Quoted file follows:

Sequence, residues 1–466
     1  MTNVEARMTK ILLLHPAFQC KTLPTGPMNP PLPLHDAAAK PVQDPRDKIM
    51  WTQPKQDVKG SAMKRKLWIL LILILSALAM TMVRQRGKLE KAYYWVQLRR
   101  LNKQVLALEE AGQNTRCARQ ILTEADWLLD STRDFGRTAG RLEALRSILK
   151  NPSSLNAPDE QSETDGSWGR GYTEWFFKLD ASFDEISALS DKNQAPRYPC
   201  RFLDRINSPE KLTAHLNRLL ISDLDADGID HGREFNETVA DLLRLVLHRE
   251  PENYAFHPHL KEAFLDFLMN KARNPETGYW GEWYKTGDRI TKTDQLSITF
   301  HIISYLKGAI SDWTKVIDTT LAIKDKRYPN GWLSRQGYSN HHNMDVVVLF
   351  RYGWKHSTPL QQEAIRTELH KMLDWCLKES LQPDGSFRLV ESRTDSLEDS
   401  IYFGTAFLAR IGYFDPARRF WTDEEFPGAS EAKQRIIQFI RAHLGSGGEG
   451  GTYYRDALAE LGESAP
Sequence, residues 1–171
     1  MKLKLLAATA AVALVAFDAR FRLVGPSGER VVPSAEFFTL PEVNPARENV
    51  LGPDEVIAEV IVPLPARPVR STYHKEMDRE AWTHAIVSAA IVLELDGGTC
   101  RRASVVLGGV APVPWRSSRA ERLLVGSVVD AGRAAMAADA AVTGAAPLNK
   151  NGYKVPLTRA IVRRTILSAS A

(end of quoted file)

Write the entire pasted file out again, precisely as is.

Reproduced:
Sequence, residues 1–466
     1  MTNVEARMTK ILLLHPAFQC KTLPTGPMNP PLPLHDAAAK PVQDPRDKIM
    51  WTQPKQDVKG SAMKRKLWIL LILILSALAM TMVRQRGKLE KAYYWVQLRR
   101  LNKQVLALEE AGQNTRCARQ ILTEADWLLD STRDFGRTAG RLEALRSILK
   151  NPSSLNAPDE QSETDGSWGR GYTEWFFKLD ASFDEISALS DKNQAPRYPC
   201  RFLDRINSPE KLTAHLNRLL ISDLDADGID HGREFNETVA DLLRLVLHRE
   251  PENYAFHPHL KEAFLDFLMN KARNPETGYW GEWYKTGDRI TKTDQLSITF
   301  HIISYLKGAI SDWTKVIDTT LAIKDKRYPN GWLSRQGYSN HHNMDVVVLF
   351  RYGWKHSTPL QQEAIRTELH KMLDWCLKES LQPDGSFRLV ESRTDSLEDS
   401  IYFGTAFLAR IGYFDPARRF WTDEEFPGAS EAKQRIIQFI RAHLGSGGEG
   451  GTYYRDALAE LGESAP
Sequence, residues 1–171
     1  MKLKLLAATA AVALVAFDAR FRLVGPSGER VVPSAEFFTL PEVNPARENV
    51  LGPDEVIAEV IVPLPARPVR STYHKEMDRE AWTHAIVSAA IVLELDGGTC
   101  RRASVVLGGV APVPWRSSRA ERLLVGSVVD AGRAAMAADA AVTGAAPLNK
   151  NGYKVPLTRA IVRRTILSAS A